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growing vegetables in shade

Vegetable Garden

How to Grow Your Own Food on a Balcony Garden

January 23, 2021

How to Grow Your Own Food on a Balcony Garden

How to Grow Your Own Food on a Balcony Garden

If 2020 taught us anything, it was that getting outside into gardens or walking in parks and spending time immersed in nature was good for us. Seeds became almost impossible to buy as online suppliers of fruit, herbs and vegetables opened and shut their websites to cater for demand. Garden centres were busy providing online and postal services, cars gathered outside garden and forestry walks as their owners took the time to get some exercise. Gardening photos were shared across all social media channels beguiling us with their vibrancy and enthusiasts prowess.

That was all well and good for those of us who’ve been trying to encourage everyone to grow their own food or get outside for years, or who have some space to potter around. What about the folk who were stuck in apartments with tiny balconies, unable to get out and share in all the fun? It must have been very difficult to sit back and watch our enthusiasm as spring turned into summer, watching our gardens blossom from bare soil to an oasis of colour and calm.

The good news is that a balcony does not have to limit your growing experiences. With food supply chains expected to falter due to new import regulations this year might be the one to have a go at growing food, even if it’s just a few tubs of salad leaves.

In no particular order, for the next few minutes I’ll be sharing some considerations you might like to take into account if you’re wondering how to grow your own food on a balcony garden this year.

Flowers & Vegetables growing on a balcony

Photo Credit: Samantha Murray

Wind

Wind direction is a factor in any garden, but especially important on balconies. The wind can damage, break or blow over plants and planters and provide a ‘wind chill’ element that can freeze them half to death. Moisture can be whipped from plants leaves and compost may dry out quicker than you can sneeze.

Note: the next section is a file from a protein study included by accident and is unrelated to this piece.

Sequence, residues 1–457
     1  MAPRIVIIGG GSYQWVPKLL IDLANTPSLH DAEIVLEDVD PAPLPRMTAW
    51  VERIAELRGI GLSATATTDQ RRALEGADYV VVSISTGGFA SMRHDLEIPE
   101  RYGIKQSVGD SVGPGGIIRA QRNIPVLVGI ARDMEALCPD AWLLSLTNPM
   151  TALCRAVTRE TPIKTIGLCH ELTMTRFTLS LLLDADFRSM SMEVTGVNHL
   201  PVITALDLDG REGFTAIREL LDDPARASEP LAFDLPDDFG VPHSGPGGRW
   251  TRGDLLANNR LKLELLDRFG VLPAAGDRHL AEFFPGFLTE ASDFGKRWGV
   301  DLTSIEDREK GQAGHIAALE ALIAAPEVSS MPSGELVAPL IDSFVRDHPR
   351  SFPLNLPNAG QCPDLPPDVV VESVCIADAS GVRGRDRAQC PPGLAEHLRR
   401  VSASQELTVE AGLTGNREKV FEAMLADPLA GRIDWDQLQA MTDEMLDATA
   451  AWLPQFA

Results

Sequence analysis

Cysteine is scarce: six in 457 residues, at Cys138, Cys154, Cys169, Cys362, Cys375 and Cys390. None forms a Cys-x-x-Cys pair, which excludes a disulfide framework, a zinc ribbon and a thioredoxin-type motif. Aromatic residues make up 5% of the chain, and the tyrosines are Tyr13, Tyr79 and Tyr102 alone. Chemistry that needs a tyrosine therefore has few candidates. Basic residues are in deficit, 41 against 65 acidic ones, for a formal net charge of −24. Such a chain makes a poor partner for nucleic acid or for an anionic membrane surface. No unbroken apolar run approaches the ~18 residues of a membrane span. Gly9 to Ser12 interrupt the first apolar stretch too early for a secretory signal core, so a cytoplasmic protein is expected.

If you have glass surrounding your balcony, it will benefit by stopping the wind in its tracks, while providing some additional warmth, acting like the side of a greenhouse. If not, you might like to consider adding a clear screen, securing your planters, choosing plants wisely, and adding a mulch on top of the compost to prevent drying.

Weight

Safety is always a priority in the garden and balconies are no exception. Ensure your balcony is capable of taking the weight of plants and planters. Think how heavy a bag of compost is then multiply it by the amount of containers you’re planning for your balcony. The weight of water will add even more of a load, especially if the containers become waterlogged.

Pallet Garden in GoresbridgeBalconies are covered under the Building Regulations but the boom years saw some shoddy workmanship. If you’re unsure, check with the owner or management company. In the meantime there are steps you can take to reduce the weight.

  • Choose light weight containers.
  • Mix potting compost with perlite as per the instructions on the bag. Perlite is a type of volcanic rock that should be available in all garden centres.
  • If using large containers, don’t fill them up completely with soil. Crush some aluminium cans or food grade plastic and place in the bottom third of the container, before covering with a piece of weed proof membrane and topping up with compost. The fabric will allow water to filter through, while protecting the growing medium from the recycled materials.
  • Some multi purpose composts, which are ideal for for container growing, weigh more than others. Shop around and look for peat free or sustainably sourced peat where possible. Enrich Soil Solutions have a great range of products if you’re struggling to find something suitable.
  • Use the walls. Put up some vertical planters to take some weight off the balcony floor.

Fruit and Vegetables that Grow in ShadeShade & Sun

Choosing the sunniest spot to grow your fruit and vegetables is a mantra you’ll often hear but if you’re in a flat or apartment, you might not have a choice. If you are north facing with limited sunlight, there are still some vegetables you can grow. A more detailed article can be found here. South facing and you’ll have to consider shading to protect plants from being over exposed.